Web design: a masterclass

Helplessly hoping a striped harlequin would pass through the jungle near us, remembering gasping at such glimpses of tigers in the past, I glanced up to the interesting sight of the lady lingering over a hapless fly stuck in the web. By the time I sighted at her and adjusted the exposure against the bright sky she had nearly finished loosely wrapping it in silk.

I’d seen these giant wood spiders (Nephila pilipes) spin their webs across gaps between trees throughout this jungle. In some places, many of them clustered together, making interesting villages of webs. I hadn’t noticed any spinners when I’d come earlier, in the hottest months of the year. They abandon the webs and hide in trees and grass then. Now, seeing their webs, I was glad we had made this trip to Tadoba, even though it was precisely the season when we were least likely to see tigers. This particular web presented an interesting challenge. It was nearly edge on, and the strong backlight was a challenge, but I could see many males clustering around the female. I had to try photographing it.

But first a closeup. The female had a head and torso which was perhaps five centimeters long, and the legs were a little longer. I would estimate the size to be anywhere between fifteen and twenty centimeters. The males, one of which you can see in the photo above, could have been fifty times smaller. They seem to be opportunistic. Several of them hang about in a female’s web, seeking opportunities to mate or feed off her larder (see a photo below). The female does not mind even when they pass fairly close.

I looked carefully for eggs: masses of which are usually bound into a silk purse and tucked safely into the web. None were visible. I found later that this species actually stashes the purse in holes in the ground; bank vaults, if you please. The males seemed to crawl over the web quite fearlessly. The females of the species do not cannibalize the males. These are two major differences between N. pilipes and their nearest relatives. Reconstruction of the family tree of related spiders using genetic methods gives a result consistent with these differences. Genetically too, N. pilipes seems to stand apart from its closest family.

But let’s get on to web design. As you saw in the previous photos, the web is vertical. I’d seen that it wasn’t particularly symmetric, nor did there seem to be a neat spiral structure to the web. Also, very often the female hung off-center, significantly high up in the web. A study found that the heavier the individual, the more asymmetric is the web. The reason the spider waits above the center is that running down is faster than running up. There are other interesting aspects of the web design. N. pilipes seems to tailor the chemistry, and thereby the elasticity and strength of the web depending on the expected size of the prey. The giant dragonfly that you see in the photo above, with males feeding on it, could be the largest prey species that the spider finds. Going by that I would think that these webs are worth studying is more detail. Great design involves attention to many details.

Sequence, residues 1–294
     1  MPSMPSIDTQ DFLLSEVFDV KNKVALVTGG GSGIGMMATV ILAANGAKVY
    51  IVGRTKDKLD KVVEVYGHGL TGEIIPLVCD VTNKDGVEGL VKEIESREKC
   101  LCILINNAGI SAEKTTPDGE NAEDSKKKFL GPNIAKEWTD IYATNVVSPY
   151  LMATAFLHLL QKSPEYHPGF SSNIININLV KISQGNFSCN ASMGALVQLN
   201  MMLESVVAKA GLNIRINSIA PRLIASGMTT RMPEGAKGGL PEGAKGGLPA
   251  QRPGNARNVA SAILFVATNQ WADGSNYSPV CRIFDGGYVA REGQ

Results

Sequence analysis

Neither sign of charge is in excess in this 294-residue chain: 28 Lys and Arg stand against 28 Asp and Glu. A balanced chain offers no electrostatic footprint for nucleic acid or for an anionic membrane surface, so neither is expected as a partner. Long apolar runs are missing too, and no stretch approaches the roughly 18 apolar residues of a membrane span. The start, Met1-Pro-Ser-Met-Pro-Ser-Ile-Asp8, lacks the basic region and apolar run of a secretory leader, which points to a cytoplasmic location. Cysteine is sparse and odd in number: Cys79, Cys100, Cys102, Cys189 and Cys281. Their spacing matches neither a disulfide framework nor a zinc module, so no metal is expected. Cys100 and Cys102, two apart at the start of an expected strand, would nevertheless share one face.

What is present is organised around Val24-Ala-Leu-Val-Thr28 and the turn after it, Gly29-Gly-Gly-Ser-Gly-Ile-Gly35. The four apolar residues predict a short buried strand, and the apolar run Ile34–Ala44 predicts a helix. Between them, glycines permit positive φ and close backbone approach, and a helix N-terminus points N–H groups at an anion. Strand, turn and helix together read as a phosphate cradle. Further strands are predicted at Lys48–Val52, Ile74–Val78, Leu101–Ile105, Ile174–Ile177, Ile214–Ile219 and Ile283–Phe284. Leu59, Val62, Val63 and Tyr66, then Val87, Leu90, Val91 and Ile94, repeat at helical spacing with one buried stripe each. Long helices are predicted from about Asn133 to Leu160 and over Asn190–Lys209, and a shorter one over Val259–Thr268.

By I. J. Khanewala

I travel on work. When that gets too tiring then I relax by travelling for holidays. The holidays are pretty hectic, so I need to unwind by getting back home. But that means work.


  1. Fabulous post, IJ. Your knowledge of these spiders is amazing! The size and shape of the web is really interesting. I didn’t realize that it’s proportional to the size of the expected prey. Wonderful!

    Liked by 1 person

  2. Very informative post. I have seen these giant wood spiders in Doon valley and steered clear of them. Spiders terrify me. So it was really cool to learn more about them. Stashing their eggs in holes in the ground and that the web design and silk strength depended on the size of the prey really captured my imagination. Superb post!

    Liked by 1 person

      1. Honestly I don’t remember the exact time, perhaps late summers. The trail went though Forest Research Institute (FRI), right here in Dehradun. A bird watcher’s paradise with plenty of monkeys and spiders.

        Liked by 1 person

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